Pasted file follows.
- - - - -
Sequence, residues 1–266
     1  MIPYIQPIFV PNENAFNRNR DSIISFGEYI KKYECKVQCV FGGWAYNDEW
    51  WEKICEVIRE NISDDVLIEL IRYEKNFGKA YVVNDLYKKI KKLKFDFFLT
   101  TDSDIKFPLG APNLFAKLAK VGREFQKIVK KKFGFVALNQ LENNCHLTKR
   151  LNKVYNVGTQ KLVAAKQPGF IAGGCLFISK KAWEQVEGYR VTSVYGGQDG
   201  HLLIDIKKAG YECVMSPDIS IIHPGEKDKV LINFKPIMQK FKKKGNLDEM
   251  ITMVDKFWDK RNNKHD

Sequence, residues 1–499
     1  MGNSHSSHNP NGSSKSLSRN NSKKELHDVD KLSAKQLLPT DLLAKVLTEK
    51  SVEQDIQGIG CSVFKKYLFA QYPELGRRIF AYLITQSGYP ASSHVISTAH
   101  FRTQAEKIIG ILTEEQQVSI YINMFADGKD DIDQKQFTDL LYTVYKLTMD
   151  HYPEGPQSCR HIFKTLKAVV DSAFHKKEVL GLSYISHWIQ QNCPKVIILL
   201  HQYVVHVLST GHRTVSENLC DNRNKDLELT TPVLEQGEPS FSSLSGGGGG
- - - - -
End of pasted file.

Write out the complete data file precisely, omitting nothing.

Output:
Sequence, residues 1–266
     1  MIPYIQPIFV PNENAFNRNR DSIISFGEYI KKYECKVQCV FGGWAYNDEW
    51  WEKICEVIRE NISDDVLIEL IRYEKNFGKA YVVNDLYKKI KKLKFDFFLT
   101  TDSDIKFPLG APNLFAKLAK VGREFQKIVK KKFGFVALNQ LENNCHLTKR
   151  LNKVYNVGTQ KLVAAKQPGF IAGGCLFISK KAWEQVEGYR VTSVYGGQDG
   201  HLLIDIKKAG YECVMSPDIS IIHPGEKDKV LINFKPIMQK FKKKGNLDEM
   251  ITMVDKFWDK RNNKHD

Sequence, residues 1–499
     1  MGNSHSSHNP NGSSKSLSRN NSKKELHDVD KLSAKQLLPT DLLAKVLTEK
    51  SVEQDIQGIG CSVFKKYLFA QYPELGRRIF AYLITQSGYP ASSHVISTAH
   101  FRTQAEKIIG ILTEEQQVSI YINMFADGKD DIDQKQFTDL LYTVYKLTMD
   151  HYPEGPQSCR HIFKTLKAVV DSAFHKKEVL GLSYISHWIQ QNCPKVIILL
   201  HQYVVHVLST GHRTVSENLC DNRNKDLELT TPVLEQGEPS FSSLSGGGGG